The Columbia Shuswap Regional District will continue to provide updated information on its website as it becomes available.

For all emergency related information requests and inquiries contact the Emergency Operations Centre at 250-833-3351.

Kyllo sweeps Shuswap

UPDATE: 10:15 p.m.

Incumbent Liberal Greg Kyllo has been returned to office by voters in the Shuswap riding.

Kyllo won with 48 per cent of the vote in 2013 and garnered 56 per cent this time, compared to 26 per cent for NDP candidate Slyvia Lindgren, 16 per cent for Green Kevin Babcock and 2 per cent for Libertarian Kyle McCormack.

“We have worked hard on every-day, real-world issues for our constituents. This isn’t about the past 28 days, it’s about the day-to-day activities over the past four years,” said Kyllo.

“Outside of the riding, I’m very pleased with the organ donor initiative which saw a record number of life-saving transplants in BC last year.”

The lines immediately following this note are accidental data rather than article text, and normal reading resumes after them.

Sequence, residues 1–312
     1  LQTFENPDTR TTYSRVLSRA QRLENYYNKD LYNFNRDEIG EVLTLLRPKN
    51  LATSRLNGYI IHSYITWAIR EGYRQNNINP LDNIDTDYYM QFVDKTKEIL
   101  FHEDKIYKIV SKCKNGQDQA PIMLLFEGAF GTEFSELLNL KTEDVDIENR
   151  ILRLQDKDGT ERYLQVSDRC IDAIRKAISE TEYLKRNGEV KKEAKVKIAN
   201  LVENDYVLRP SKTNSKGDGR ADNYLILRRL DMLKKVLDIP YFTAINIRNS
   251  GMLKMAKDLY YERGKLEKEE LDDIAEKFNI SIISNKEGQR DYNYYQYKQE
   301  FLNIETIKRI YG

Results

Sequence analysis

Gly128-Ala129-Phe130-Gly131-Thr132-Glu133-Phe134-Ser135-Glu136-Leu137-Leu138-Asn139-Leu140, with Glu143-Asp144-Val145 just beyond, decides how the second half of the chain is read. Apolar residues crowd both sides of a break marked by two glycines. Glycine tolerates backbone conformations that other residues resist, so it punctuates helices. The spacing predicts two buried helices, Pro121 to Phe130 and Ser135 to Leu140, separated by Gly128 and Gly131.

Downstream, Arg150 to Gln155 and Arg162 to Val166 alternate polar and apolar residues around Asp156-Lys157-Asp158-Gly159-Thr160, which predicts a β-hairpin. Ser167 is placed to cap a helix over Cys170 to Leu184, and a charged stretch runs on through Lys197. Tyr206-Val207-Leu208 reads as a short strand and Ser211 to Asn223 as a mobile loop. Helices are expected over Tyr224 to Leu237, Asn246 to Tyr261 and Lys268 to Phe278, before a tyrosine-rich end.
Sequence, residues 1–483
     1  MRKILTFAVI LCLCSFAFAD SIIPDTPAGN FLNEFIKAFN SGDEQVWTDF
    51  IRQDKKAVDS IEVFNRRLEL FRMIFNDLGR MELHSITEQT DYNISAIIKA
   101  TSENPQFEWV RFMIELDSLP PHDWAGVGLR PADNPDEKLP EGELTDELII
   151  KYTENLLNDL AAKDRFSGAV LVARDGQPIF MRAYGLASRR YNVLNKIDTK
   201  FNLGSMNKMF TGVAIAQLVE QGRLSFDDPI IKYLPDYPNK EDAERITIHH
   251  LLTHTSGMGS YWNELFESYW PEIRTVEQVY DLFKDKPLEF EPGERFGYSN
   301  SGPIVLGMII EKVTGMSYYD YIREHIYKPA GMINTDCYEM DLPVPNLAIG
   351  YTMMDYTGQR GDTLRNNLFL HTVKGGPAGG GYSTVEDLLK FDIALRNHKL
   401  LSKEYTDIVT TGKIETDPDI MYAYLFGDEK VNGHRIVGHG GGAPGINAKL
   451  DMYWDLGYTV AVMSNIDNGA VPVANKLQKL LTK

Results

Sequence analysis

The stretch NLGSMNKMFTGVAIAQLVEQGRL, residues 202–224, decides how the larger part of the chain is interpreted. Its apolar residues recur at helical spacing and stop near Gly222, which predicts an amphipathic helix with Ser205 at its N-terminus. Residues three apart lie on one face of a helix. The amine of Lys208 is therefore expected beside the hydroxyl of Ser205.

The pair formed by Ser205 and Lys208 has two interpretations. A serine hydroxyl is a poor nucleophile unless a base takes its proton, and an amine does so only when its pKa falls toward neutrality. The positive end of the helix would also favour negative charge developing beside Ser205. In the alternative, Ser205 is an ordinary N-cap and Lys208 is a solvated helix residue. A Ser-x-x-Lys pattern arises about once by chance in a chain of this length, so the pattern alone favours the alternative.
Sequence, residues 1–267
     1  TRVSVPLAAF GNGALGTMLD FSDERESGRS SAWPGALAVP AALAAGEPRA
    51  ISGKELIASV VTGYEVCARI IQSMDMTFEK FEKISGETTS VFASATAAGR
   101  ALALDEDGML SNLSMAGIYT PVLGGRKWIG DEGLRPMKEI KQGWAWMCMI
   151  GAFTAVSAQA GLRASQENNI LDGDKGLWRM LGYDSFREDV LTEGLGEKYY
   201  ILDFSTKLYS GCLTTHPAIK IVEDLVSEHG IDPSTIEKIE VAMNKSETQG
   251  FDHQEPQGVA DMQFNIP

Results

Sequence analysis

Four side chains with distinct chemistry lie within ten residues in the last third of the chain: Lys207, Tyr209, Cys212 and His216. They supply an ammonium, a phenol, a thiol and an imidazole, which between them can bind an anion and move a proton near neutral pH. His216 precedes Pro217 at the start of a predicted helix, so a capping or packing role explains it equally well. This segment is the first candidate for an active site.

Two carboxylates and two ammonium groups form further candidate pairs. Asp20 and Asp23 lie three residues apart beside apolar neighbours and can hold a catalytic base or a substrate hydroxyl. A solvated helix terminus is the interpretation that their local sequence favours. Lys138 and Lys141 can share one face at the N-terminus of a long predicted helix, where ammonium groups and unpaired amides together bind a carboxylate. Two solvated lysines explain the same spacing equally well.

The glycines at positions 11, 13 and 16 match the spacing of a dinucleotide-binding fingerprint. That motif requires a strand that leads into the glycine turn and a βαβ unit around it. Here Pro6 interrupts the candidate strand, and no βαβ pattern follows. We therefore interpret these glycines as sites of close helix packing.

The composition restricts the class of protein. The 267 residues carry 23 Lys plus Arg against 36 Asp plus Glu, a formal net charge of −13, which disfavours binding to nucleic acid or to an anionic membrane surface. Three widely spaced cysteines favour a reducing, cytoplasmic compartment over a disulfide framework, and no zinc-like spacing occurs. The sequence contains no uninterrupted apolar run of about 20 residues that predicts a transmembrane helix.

He was serving as the parliamentary secretary for the BC Jobs Plan at dissolution of the legislature. Prior to being elected as MLA, Kyllo was the president and CEO of Twin Anchors Marine/TA Structures for 24 years.

Kyllo sat on Sicamous Council in 2011 and was appointed deputy mayor. He and his wife Georgina have raised their four daughters in the Shuswap area.

UPDATE: 9:40 p.m.

With more than double the popular votes of his nearest competitor, Greg Kyllo is being declared the winner in the Shuswap riding.

The Liberal incumbent has a seemingly insurmountable lead of almost 56 per cent compared to 25.9 per cent for NDP rival Sylvia Lindgren.

Kevin Babcockff with the Greens is holding third with 16.5 per cent.

UPDATE: 9:15 p.m.

Barring a stunning reversal, it appears Liberal Shuswap candidate Greg Kyllo is heading back to Victoria.